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The_Neverending_Loop

Technical Writing & Documentation

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Hello I hope this is the right forum to post this in as it has "Writing" in the title, lol

As a Developer/Technical Person I've found myself over time very lacking in the writing GOOD documentation to some of my engine/game designs. Keeping this topic short, I basically want to improve my writing skills, cause alot of times I feel like I write in a way only I could understand, or someone else who thinks like might would be able to. Does anyone recommend some material, or maybe excersises I could do in order to improve my skills, I thought about taking writing classes in the city, but honestly I dont feel like travelling or spending the money. If anyone here is a good writer and is willing to mentor, I'd be willing to do a quid pro quo type scenario for any time given. Thanks in advance.

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Nev,
Your post shows your problem. Your sentence structures are convoluted, and your spelling is poor ("cause alot of times I feel like I write in a way only I could understand, or someone else who thinks like might would be able to"). You need classes. You really do. And you can practice in Word. Turn all auto-correct features off, and work very hard at understanding what causes all the squiggly underlines your writing generates. Take classes, and practice, practice, practice.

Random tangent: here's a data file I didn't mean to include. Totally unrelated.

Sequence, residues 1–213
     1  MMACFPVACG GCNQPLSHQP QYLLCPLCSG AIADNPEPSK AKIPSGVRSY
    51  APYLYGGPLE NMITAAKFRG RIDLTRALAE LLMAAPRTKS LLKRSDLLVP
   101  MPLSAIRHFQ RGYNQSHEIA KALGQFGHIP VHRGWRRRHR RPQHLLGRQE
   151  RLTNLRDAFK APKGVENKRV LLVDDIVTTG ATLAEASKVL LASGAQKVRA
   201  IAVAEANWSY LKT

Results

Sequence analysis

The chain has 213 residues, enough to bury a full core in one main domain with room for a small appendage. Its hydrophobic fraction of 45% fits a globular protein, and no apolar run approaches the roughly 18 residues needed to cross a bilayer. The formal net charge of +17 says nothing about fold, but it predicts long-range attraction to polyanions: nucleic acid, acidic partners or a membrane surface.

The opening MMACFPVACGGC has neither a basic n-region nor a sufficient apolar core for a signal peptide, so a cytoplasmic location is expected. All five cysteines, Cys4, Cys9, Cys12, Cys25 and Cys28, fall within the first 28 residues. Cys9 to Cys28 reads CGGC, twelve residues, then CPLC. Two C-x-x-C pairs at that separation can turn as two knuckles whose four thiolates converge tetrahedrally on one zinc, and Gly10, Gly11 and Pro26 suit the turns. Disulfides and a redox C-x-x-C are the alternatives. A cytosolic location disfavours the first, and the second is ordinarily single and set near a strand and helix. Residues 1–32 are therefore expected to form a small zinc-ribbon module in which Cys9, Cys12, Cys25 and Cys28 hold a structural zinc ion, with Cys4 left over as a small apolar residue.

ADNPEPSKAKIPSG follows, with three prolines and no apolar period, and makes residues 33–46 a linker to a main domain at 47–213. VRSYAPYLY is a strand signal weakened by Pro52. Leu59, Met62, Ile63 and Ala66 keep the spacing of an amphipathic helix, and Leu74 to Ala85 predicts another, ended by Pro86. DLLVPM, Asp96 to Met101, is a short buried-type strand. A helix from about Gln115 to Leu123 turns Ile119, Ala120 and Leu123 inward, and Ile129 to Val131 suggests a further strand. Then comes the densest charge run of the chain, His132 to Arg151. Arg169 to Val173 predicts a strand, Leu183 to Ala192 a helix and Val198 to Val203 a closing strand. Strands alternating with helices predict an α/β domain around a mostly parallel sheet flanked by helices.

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[quote name='Tom Sloper' timestamp='1311262135' post='4838478']
Nev,
Your post shows your problem. Your sentence structures are convoluted, and your spelling is poor ("cause alot of times I feel like I write in a way only I could understand, or someone else who thinks like might would be able to"). You need classes. You really do. And you can practice in Word. Turn all auto-correct features off, and work very hard at understanding what causes all the squiggly underlines your writing generates. Take classes, and practice, practice, practice.
[/quote]

Thanks, I know thats what I need to hear, I Like the MSWord Idea, I'll be giving it a try, I know this is something Ill have to practice, but where should I even begin? I would need something to write about, any recommendations on finding topics to write about? As for classes I would like to take some in the future, but they are somewhat of an inconvenience for me in my current situation, but I don't want to wait a couple of months for some of my time to free up to improve my writing abilities, I would like to be able start as soon as possible. I have however (after this post) started looking into online writing classes maybe Ill be able to find something good there. Thanks again.

[EDIT]
I found this website Ill probably be giving a try, these two classes look promising
1.[url="http://www.writersonlineworkshops.com/workshops/course-descriptions/elements-of-creative-writing-i-grammar-and-mechanics/"]Grammer & Mechanics[/url]
2.[url="http://www.writersonlineworkshops.com/workshops/course-descriptions/elements-of-effective-writing-ii-form-and-composition/"]Form And Composition[/url]